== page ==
New rule to regulate toxic chemicals
On 29 February, the Legislative Affairs Office of the State Council, China’s cabinet, published a draft of the revised Regulations on the Use of Dangerous Chemicals for public comment. Under the law, individuals will not be able to purchase any toxic chemicals except pesticides. Research institutions, hospitals or manufacturers that need to use toxic chemicals will have to apply for licenses from local governments. Companies that produce and sell toxic chemicals will be required to keep a record of chemical buyers’ names, ID numbers and other information, as well as the amount and intended use of the toxic chemicals sold. The law requires records to be kept for at least one year and be registered with local police departments. The current regulations were released in 2002. Meanwhile, national standards to classify the toxicity and hazardousness of chemicals are set to be released soon.
First non-grain fuel ethanol plant opens
China Agri-Industries Holdings, a subsidiary of the agriculture giant COFCO, announced on 10 March that China’s first non-grain fuel ethanol plant has been put into production by the company in south China’s Guangxi Zhuang Autonomous Region. With an annual production capacity of 200,000 tonnes, the Guangxi plant will mainly produce fuel ethanol based on cassava. It is the fifth fuel ethanol plant to get the go-ahead from the National Development and Reform Commission (NDRC), China’s energy watchdog. The other four, producing corn-based ethanol, are located in Henan, Jilin, Heilongjiang and Anhui provinces in north, northeast, and east China. Two of the four are controlled by COFCO. NDRC halted the approval of more corn-based ethanol plants in 2006 and banned foreign firms from investing in the area in September 2007 (Chemistry World: China,November 2007, pC2).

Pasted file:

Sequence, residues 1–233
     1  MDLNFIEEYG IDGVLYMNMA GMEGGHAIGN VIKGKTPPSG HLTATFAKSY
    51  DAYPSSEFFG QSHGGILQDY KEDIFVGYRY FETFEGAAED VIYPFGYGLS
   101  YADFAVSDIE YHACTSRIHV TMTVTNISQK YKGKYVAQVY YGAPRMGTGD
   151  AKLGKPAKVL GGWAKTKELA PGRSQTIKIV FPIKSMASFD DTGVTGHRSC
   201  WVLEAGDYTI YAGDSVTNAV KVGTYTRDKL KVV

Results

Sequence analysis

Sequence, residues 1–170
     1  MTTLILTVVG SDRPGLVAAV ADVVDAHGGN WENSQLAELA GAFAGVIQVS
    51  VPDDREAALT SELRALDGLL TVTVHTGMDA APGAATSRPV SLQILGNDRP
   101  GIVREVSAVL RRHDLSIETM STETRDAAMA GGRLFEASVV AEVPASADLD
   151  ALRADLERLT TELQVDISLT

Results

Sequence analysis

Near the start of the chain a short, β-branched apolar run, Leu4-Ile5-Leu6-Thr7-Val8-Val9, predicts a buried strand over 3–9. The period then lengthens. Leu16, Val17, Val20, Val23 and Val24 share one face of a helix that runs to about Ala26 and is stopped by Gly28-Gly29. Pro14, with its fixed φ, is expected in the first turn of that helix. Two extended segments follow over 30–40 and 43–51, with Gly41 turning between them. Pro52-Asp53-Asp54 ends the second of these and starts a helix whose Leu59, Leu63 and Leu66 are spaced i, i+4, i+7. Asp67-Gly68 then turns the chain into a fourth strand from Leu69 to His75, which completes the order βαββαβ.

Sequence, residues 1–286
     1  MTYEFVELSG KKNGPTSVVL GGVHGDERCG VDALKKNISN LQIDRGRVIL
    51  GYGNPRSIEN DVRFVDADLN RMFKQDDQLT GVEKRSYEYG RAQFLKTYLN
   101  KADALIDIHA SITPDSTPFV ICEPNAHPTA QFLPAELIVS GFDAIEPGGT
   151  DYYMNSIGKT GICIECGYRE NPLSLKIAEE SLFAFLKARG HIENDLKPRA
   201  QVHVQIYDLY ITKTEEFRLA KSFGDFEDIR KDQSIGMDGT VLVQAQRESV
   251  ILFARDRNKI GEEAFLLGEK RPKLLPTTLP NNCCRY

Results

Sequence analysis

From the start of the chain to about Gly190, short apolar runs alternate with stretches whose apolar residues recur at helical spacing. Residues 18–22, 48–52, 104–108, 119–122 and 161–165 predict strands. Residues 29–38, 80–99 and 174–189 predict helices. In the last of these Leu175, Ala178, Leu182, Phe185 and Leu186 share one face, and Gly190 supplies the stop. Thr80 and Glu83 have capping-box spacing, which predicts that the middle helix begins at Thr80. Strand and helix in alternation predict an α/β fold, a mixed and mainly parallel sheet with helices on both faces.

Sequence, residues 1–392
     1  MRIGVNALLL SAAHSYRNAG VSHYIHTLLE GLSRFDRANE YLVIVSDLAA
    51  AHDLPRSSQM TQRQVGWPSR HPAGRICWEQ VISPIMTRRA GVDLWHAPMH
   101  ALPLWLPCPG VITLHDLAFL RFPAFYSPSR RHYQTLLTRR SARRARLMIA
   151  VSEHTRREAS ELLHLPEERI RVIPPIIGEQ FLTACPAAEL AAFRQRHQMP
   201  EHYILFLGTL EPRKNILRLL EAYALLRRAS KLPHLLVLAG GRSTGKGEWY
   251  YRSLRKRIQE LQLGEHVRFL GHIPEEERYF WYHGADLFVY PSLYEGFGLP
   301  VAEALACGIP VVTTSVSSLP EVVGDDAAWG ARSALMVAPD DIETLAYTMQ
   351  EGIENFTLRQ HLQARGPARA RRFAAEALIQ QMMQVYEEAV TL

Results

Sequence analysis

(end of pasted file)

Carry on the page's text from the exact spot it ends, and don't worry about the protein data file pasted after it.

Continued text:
Carbon capture deal
Australia’s Commonwealth Scientific and Industrial Research Organisation (CSIRO) and Xi’an, Shaanxi province-based Thermal Power Research Institute (TPRI) signed a deal on 6 March to install and operate a post-combustion capture (PCC) pilot facility at the Huaneng Beijing Co-Generation Power Plant. PCC is a process that uses a liquid to capture carbon dioxide (CO2) from power station flue gases. It is expected to reduce CO2 emissions from coal-fired power stations by more than 85 per cent. The Huaneng facility is expected to capture 3000 tonnes of CO2 per year when it is completed in August 2008. The project will receive Aus$4 million (US$3.7 million) in grants from the Australian government, but how much China will invest is not known. China generates nearly 60 per cent of its power from coal, which is a major contributor to the country’s rising CO2 emissions.